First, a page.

My father used to say that partial obedience to God is disobedience.
There is an interesting account found in Genesis chapter 12. God told Abram, “Get out of your country, from your family and from you father’s house, to a land that I will show you” (Gen. 12:1). Verse four states, “So Abram departed as the Lord had spoken to him, and Lot went with him” (Gen. 12:4). The Lord does not chastise Abram. In fact, Scripture indicates that Abram departed as the Lord instructed. The only peculiarity is that God told Abram to leave his family, but Lot went with him. Lot was Abram’s nephew, the son of his deceased brother, Haran (Gen. 11:28-31). Abram’s father, Terah, had initially taken Lot into his care. It seems natural for Abram to take over what his father began. God never chastises Abram for taking a family member with him to Canaan.
Nevertheless, God gave the promise to Abram and his descendants, not Lot. Lot never embraced God’s promise to Abram. In fact, Lot would cause Abram nothing but trouble. When their flocks became too large to tend together, Lot did not offer to part ways with his uncle. Rather, Abram graciously offered Lot whatever land he chose. Lot greedily selected the choicest land and left the desert for his kindhearted uncle (Gen. 13:5-13). When King Chedorlaomer and his allies captured Lot and his family as they sacked Sodom, Abram was forced to chase across the length of Israel in order to rescue his nephew (Gen. 14:13-17). When God was preparing to destroy Sodom and Gomorrah, Abram interceded for the city, and God ultimately sent an angel to rescue Lot once again (Gen. 19:1-29). Clearly, Lot did nothing to assist Abram in his quest for God’s promise and much to inconvenience him.
Such can be the case when we add to God’s instructions. At times, we clearly know what God is telling us to do, and we are willing to obey, but we add to His commands. We may do so out of the generosity of our heart. But our actions come from us, not God. It is just as dangerous to add to what God says as to subtract from it. Be careful that you do not link yourself with those who are not helping you achieve God’s will. They may be nice people. They may even be relatives. But your first priority is being true to God.
At times, our kindness thwarts God’s will for our lives. Some Christians feel compelled to express love and acceptance at all costs, even when others are living in open sin and rebellion against God. I recall a couple that once left our church because the congregation voted to exercise church discipline on another couple who were living immorally. The couple that angrily left the church over the matter were more concerned with not offending people than they were with not offending a holy God. I know businesspeople who entered into a partnership with someone who was not a Christian or who was clearly untrustworthy because they were trying to demonstrate Christian kindness rather than Christian wisdom! Later, the partnership unraveled at great cost to the undiscerning Christian businessperson. I have also known wonderful, godly women who married a man of questionable character in an effort to reform him. Theirs was a generous gesture, but it derailed the work God intended for them and their future and led to heartache and disappointment.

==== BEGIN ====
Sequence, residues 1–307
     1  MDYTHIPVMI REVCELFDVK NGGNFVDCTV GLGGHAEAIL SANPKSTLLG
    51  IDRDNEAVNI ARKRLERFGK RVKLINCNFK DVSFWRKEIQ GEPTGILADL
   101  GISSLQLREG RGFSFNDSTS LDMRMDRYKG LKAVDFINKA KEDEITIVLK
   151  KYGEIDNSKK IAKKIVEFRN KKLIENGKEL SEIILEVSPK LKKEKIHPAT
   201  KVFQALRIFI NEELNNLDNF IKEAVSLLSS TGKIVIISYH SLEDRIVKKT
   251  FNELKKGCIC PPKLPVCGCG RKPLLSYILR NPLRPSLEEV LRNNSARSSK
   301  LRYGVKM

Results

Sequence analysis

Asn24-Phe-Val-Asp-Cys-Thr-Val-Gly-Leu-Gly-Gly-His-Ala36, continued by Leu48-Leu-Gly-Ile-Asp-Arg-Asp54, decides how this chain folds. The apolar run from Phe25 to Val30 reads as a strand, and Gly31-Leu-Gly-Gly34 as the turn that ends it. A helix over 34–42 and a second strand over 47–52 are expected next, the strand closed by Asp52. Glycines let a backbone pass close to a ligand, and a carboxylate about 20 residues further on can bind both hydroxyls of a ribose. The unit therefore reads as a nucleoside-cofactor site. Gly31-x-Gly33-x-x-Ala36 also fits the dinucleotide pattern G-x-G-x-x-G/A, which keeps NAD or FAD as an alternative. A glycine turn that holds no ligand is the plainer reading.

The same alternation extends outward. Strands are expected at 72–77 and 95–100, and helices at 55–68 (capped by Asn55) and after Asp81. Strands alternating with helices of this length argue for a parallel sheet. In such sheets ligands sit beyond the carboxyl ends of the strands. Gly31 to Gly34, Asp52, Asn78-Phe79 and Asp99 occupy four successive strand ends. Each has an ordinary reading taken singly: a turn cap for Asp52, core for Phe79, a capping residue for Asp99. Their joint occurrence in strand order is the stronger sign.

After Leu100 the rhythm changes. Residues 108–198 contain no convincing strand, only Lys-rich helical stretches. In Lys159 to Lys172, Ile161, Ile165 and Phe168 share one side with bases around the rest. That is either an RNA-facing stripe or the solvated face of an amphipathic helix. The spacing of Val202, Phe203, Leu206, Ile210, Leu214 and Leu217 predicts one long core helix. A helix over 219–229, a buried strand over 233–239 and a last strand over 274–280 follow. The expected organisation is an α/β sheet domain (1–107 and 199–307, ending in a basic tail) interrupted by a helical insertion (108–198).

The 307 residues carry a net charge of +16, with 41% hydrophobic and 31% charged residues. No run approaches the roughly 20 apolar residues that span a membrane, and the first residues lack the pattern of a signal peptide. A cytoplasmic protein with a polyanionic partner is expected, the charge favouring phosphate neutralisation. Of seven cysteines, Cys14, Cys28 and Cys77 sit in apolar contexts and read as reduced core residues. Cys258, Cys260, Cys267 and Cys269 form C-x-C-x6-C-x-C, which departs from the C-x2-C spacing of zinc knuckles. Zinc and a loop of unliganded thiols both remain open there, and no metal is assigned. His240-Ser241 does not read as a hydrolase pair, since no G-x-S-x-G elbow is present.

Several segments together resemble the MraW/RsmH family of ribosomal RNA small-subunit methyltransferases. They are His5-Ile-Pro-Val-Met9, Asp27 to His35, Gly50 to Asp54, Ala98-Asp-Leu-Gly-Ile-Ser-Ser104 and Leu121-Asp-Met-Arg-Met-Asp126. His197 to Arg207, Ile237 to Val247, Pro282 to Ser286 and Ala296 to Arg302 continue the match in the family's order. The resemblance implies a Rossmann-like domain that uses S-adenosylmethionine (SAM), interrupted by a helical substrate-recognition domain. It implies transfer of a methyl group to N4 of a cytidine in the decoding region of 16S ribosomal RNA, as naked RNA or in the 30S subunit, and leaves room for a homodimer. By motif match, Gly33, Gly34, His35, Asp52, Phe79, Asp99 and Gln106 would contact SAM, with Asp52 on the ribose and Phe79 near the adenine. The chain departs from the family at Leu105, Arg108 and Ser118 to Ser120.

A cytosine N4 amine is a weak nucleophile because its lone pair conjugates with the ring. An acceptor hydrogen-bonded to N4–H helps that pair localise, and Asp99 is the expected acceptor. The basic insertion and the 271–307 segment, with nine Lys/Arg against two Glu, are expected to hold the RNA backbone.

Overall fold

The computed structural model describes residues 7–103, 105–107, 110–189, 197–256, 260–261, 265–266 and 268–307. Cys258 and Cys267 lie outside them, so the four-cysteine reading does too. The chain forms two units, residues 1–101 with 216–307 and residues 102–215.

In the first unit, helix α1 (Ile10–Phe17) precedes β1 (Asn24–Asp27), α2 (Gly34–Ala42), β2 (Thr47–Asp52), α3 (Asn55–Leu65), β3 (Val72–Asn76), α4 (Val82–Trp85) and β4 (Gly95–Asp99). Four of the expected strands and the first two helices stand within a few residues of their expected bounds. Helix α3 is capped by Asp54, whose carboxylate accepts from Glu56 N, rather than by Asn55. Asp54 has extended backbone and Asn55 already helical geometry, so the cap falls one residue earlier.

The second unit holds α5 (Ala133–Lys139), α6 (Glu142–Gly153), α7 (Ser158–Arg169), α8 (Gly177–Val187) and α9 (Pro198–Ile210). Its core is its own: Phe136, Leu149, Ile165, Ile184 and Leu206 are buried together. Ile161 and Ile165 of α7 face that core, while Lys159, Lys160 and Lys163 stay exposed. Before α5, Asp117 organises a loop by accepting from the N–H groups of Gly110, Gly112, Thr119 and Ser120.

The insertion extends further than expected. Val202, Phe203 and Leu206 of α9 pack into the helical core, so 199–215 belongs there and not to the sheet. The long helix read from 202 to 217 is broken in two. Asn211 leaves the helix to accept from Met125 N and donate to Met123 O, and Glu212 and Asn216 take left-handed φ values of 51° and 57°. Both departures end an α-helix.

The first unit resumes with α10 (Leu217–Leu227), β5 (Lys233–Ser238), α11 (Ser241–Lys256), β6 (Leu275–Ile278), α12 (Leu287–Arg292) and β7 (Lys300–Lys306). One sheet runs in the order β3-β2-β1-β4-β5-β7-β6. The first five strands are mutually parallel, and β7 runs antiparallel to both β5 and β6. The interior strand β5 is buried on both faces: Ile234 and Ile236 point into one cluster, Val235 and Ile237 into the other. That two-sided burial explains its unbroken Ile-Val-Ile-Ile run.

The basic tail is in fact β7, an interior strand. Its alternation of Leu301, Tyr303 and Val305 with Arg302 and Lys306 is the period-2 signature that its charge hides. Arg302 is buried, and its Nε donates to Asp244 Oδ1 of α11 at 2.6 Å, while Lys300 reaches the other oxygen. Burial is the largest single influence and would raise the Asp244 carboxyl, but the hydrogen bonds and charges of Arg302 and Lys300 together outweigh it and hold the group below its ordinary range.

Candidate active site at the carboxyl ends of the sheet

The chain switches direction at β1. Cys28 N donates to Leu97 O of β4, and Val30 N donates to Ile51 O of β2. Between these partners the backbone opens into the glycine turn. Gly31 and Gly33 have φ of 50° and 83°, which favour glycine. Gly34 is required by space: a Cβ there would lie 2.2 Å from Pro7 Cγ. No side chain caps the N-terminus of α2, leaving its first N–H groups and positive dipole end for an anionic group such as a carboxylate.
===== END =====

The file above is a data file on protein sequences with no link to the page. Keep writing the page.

I also know Christians who worry that the moral standards Scripture upholds might offend people who reject those values. So, they excuse people for not living up to those standards in an effort to demonstrate kindness and inclusiveness. These misguided souls behave as if they are kinder and more sensitive to people’s feelings than God is! Many Christians, and even entire denominations, discard God’s standards so they can appear more inclusive or loving. Be careful when you act as if you are more loving or kind than God is. You are not. God has reasons for every command He issues. He knows what the outcome will be if people fail to uphold His standards and follow His instructions to the letter. You are never doing anyone a favor by toning down a word from God!
Abraham was a kindhearted man who could not bring himself to leave Lot behind in Haran. No evidence suggests Lot was in danger or needed his uncle’s help. Abraham was just being nice. Nevertheless, Lot’s flocks were soon so prosperous that he had to separate from Abraham anyway. Lot took the best land. He was seduced into living in the wickedest city in the world. He forced Abraham to arm every able-bodied employee and risk his life rescuing his trouble-plagued nephew. And the descendants of Lot, the Moabites and Ammonites, would cause Abraham’s descendants much grief for years afterward as they laid claim to as much of the Promised Land as they could grasp.
We all know that being mean-spirited and selfish dishonors God and harms His cause. But we must also beware that our attempts to be nice can inadvertently harm God’s reputation and work as well. In some ways, being nice is more seductive than being cruel. We assume being nice is a good thing. But if it hinders or distracts us from doing God’s will, it is a pitfall to avoid.